Via the WSJ comes word that children’s wear manufacturer Lolly Wolly Doodle, got a round of funding to the tune of $20,000,000 -that’s right, 20 million dollars. For a moderately priced children’s wear company that started in 2009 out of someone’s garage, that’s not too shabby. So what are they doing and how did they do it?
From what I can tell, they followed a playbook similar to what I’ve outlined on this site for years. If you want the quick start guide applicable to a grassroots start up, you can see these entries that explain how to turn cloth into cash:
How to start a homebased handmade sewing business
How to start a homebased handmade sewing business pt.2
How to start a homebased handmade sewing business pt.3
Which is not to suggest that their journey has not been without its problems. In fact, the company has an F rating at the Better Business Bureau. Still, they must be doing something right to have picked up 20 million in funding so what might those things be? Here are a few obvious conclusions:
- Quick delivery
- No inventory
- Competitive pricing
…all of which are only possible because they make their own products. It is because the company has good bones that an investor is interested in resolving LWD’s growth problems. If this is something that interests you, it helps to have the right kind of problems, one of which shouldn’t be demand for your products. But anyway.
The WSJ article conveniently segues into my favorite topic, namely that you need to start manufacturing yourself. Period. You can only turn orders quickly, customize it and eliminate inventory if you’re making your own stuff by pre-selling it first. So that’s how they do it on Facebook. They make a sample, post it and take orders which they then deliver in 2-4 weeks. That is still a significantly longer lag time than other companies I’ve consulted with but 2-4 weeks is an order of magnitude faster than traditional manufacturers who have their production done by sewing contractors overseas. Or even domestic production but that can still take months. Offshore is worse because timelines are often a year or more out.
If the success of Lolly Wolly Doodle is something you’d aspire to attain, you can do this yourself as I’ve been saying since 2005, over 8 long years ago. For those in the US, making your own stuff is the only way you’ll have an edge over anybody else because there aren’t enough sewing contract facilities to take everyone’s work. Don’t be in too much of a hurry to thoughtfully ponder the reasons you should start your own sewing factory (pt.2).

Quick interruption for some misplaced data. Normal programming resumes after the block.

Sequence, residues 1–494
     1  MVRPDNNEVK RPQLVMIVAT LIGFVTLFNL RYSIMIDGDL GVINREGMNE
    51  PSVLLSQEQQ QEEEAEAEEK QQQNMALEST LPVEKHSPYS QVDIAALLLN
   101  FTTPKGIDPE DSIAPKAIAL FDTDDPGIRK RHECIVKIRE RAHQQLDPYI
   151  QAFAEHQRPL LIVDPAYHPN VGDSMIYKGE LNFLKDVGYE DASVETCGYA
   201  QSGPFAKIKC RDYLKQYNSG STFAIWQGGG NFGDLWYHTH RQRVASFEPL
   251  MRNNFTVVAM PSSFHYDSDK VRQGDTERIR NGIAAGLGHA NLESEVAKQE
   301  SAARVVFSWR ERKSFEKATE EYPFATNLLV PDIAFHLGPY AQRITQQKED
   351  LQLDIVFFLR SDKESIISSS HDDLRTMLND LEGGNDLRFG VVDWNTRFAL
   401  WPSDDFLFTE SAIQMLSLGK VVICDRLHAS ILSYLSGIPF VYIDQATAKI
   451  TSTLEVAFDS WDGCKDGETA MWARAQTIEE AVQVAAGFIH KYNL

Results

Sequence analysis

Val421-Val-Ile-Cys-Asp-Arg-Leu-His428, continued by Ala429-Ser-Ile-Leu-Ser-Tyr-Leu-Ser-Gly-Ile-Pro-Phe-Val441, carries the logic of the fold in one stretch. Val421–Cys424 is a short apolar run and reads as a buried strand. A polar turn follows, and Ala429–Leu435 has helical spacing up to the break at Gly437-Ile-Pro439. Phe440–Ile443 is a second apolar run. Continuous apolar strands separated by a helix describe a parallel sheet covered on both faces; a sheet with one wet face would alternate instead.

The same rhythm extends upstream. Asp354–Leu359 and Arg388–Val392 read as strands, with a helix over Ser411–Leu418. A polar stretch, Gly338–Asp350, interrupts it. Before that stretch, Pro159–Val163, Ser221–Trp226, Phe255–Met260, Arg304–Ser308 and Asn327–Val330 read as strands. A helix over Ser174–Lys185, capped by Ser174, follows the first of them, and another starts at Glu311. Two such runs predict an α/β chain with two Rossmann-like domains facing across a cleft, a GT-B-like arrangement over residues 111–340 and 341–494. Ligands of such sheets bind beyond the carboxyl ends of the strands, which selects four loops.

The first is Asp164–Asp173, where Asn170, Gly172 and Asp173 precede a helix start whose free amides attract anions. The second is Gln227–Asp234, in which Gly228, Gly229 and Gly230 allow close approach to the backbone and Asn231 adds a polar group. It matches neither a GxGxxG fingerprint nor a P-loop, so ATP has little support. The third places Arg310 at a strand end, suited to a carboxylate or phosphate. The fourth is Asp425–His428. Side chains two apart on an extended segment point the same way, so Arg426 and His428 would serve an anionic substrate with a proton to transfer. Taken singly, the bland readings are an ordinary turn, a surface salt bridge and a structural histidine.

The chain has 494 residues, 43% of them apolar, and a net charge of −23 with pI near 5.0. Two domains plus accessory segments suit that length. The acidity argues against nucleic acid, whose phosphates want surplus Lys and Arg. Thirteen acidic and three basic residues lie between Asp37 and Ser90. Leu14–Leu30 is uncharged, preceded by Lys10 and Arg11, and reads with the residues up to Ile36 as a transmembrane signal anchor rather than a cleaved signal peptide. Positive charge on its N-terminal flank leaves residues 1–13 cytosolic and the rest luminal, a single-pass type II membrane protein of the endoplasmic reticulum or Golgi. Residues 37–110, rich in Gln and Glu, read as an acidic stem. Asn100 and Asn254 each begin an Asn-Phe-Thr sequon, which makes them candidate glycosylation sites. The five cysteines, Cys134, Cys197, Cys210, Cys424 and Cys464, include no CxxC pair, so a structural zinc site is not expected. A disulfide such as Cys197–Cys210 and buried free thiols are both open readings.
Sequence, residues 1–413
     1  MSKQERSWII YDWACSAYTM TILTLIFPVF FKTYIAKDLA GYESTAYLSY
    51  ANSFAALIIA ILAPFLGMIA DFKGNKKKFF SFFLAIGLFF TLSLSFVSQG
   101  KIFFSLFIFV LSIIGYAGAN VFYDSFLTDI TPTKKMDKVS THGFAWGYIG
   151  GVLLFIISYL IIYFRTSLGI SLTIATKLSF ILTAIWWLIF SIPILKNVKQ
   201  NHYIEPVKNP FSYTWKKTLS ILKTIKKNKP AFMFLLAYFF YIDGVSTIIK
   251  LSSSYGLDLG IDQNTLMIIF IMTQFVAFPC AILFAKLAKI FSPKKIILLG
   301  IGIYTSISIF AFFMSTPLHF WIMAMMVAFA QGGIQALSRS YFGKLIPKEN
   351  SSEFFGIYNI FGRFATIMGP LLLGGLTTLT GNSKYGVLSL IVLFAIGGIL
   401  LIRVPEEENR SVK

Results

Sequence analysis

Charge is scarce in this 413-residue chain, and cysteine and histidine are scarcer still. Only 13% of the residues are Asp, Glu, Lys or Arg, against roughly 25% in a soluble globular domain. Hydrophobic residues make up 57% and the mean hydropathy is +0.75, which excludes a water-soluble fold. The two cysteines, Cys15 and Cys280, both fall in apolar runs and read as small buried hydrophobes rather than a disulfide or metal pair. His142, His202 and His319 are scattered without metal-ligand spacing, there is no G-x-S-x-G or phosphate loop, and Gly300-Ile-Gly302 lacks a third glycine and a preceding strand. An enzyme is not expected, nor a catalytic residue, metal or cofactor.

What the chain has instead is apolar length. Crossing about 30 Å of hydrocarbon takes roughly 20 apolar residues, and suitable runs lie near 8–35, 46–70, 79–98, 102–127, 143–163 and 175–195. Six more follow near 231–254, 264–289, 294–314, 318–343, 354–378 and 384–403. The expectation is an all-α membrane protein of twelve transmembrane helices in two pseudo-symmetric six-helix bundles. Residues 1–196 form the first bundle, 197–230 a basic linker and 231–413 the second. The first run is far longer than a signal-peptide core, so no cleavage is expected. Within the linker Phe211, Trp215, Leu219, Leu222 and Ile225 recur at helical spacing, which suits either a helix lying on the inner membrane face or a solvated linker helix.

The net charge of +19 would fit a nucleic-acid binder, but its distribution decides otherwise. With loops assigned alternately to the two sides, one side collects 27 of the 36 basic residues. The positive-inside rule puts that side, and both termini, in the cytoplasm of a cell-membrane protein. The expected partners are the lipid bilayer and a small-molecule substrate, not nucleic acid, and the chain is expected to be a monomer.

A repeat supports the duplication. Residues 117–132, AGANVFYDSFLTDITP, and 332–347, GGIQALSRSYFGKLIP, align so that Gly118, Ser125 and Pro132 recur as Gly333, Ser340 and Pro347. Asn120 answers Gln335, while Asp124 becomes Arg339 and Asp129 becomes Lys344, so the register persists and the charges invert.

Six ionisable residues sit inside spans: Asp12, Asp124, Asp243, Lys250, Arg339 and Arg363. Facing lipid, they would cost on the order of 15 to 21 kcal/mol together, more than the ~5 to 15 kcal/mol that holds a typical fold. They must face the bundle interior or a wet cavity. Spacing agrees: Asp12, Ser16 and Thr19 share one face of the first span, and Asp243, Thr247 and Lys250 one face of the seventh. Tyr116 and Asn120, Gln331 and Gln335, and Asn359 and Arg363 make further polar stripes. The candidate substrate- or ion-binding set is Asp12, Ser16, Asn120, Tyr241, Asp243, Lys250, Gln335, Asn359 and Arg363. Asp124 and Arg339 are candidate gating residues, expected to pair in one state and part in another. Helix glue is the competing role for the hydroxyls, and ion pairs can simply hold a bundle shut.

I think the conversations we should be having are about how to train sewing operators, what to pay them, how to go about setting up your factory, how to know what kind of equipment you need -which again, are all topics I’ve written of before but there doesn’t seem to be much interest in it. Or rather, not as much as I’d like. I’ve also written on many of those subjects and I decided against peppering the preceding sentence with all manner of hyperlinks because it then becomes cognitively overwhelming, you’ll go away and then how will anything positive happen? If you do want more information, you can follow the links in this entry to those other posts which have links to those related subject areas. And yeah I know, you’ll be reading from here to next week which I think is a good thing. Most people who start companies like this fail because there is a lot of homework and often, it’s not the homework one wanted to do. Unfortunately, you rarely get to pick so you take the good with the bad. No business of any kind, can be self sustaining if its owners are lazy or sissies.
*Here is an indirectly related question that people should be asking themselves: why is this company so attractive to investors? Perhaps it has something to do with who sells the most [at market] and why (see also pt.2). A post I wrote on selling your company (along with links therein) would also be helpful. Not that you want to sell before you get started but it helps to know what buyers find attractive.